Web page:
Jimmy's Eulogy

I recall an article that Crystal read to us shortly after bringing our sweet little girl home from the NICU a little less than a year ago.  The article is written by Emily Kingsley titled "Welcome to Holland".  To summarize, she compared having and caring a disabled child to planning a trip to Italy.  When you first find out that you are expecting a baby, the excitement of the pregnancy is like planning a trip to Italy.  You start to do research on places to see in Italy and buy resource materials such as tour guides and maps of Italy.  After many months of excitement and planning, it is time to board the plane to travel to Italy.  However, when you land, you hear the stewardess announce "Welcome to Holland!" 

You may think to yourself, "Wait, what is this, I am not prepared for this, I have been planning and expecting to be in Italy not Holland."  So now you have to find and buy resource materials on Holland.  At the same time, you may feel bitter when you hear your friends brag about how wonderful their trip was to Italy.  When the confusion finally  settles down and you have had a chance to gather your thoughts, you find that Holland isn't such a bad place.  Sure Holland maybe a slower pace than Italy, but you find out that Holland has tulips, windmills and even the Van Halen brothers, Eddie and Alex, are from Holland.  Actually I threw in Van Halen, on the article, the writer wrote Rembrandt Van Rijn.

At the end of the comparative article, the writer concluded that if you continue to stew over the fact that you never made it to Italy, you might miss out on the special and loving things that Holland has to offer.  So if I compared Everly's journey to this article is it similar up to a point.  We expected that Everly would have large VSD, which according to the doctor is totally repairable and once her heart is repaired, she could live a fairly normal life.  The moment that our plane landed in Holland was when the NICU doctor, Dr. Mendoza gave us the genetic test results.  I remember that day very well.  I left the NICU to get more supplies for our continued stay in the NICU.  As I was walking back to the NICU room, I saw Dr. Mendoza next to Crystal and Crystal was in tears.  At that moment I knew that the result was trisomy 18.  We had suspected, back in October of 2013, that Everly might be a trisomy 18 baby, but that diagnosis was dismissed in November.  However, the result from the genetic test changed how we would live our lives for the next 11 months.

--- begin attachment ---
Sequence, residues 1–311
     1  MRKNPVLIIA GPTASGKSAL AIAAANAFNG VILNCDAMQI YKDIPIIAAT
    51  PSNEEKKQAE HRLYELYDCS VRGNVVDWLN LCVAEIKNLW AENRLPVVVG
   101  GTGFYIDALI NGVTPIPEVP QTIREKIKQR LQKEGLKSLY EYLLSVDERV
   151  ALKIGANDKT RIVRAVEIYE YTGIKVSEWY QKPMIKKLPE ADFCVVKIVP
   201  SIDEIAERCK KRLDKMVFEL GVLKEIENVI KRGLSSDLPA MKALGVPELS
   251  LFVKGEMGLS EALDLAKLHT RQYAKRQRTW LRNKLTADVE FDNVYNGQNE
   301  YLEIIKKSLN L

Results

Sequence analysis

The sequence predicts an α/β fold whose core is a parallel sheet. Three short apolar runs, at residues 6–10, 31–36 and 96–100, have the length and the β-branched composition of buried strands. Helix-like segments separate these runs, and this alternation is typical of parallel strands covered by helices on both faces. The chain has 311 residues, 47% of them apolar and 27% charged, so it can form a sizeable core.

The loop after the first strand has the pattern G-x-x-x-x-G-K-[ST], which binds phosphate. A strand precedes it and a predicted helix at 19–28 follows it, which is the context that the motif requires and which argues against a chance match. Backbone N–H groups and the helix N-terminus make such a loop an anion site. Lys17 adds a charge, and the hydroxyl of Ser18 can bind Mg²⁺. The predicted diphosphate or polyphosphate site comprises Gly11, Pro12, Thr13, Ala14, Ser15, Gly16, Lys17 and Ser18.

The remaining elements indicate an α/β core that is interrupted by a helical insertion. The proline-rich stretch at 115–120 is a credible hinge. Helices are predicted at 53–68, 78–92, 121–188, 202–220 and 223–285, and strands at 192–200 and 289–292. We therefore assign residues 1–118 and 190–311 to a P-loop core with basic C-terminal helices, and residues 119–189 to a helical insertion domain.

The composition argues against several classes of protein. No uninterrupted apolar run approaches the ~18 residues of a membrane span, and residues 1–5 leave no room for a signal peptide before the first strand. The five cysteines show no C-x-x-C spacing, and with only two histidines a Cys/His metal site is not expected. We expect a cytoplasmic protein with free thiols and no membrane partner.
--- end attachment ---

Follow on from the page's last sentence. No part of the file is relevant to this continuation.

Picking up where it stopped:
This is where the similarities between the Everly's life and the article end, because if you followed Everly's life through Facebook or Caring Bridge, you will know that her life was not about settling for Holland, her life's journey was more like a tour through Europe.  Most of the time the path we took on our metaphoric European tour was heart warming and filled with joy, as if those days were God sent.  There was one rare occasion when Crystal left the house with the boys.  I sat Sissy down in our den to get her feed ready.  When I came back to the den, I noticed that she was smiling.  At first, I could not figure out why she was smiling until she did it again.  And then I heard them as well.  She was smiling because she heard some birds chirping outside of our window.  At that moment when I realized what was going on, I felt so much joy that it brought tears to my eyes.  Sometimes the path we took was confusing and we felt lost and maybe a bit of anger.  If I mentioned sleep study to my wife, she will know exactly what I am talking about.  And than there were times that the path was down right scary, like the first time we saw Everly's color changed in the middle of night.  She had just been home for about three weeks since being discharged from the NICU.  It maybe cliche, but I would give anything to re-live any of those days even the scary ones, if just to hold her again, to feel the warmth of her body, to hear her cry, to hear her sass or to see her smile.  I would even settle to hear her alerts from the oximeter.

So here we are on the day of Everly's celebration of life, she has already continued on her journey without us.  We may have carried her for most of her journey, it was her who has always lead the way.  I am not saying this because I am a proud father who likes to brag.  I am saying this because, heck yeah she is an amazing little girl.  I have scrolled through FB or Caring Bridge to read comments from friends, family and people we never met as to how Everly's journey has impacted their lives.  It is a testament as to how special and amazing our little girl is, but it is also testament to the hard work my wife put into the social media to ensure that world knows Everly.  We never made it to Italy on our metaphoric tour, but who cares.  We got a chance to experience something much more meaningful, much more important and of far greater value, we experienced a life time of memories with our little Everly.

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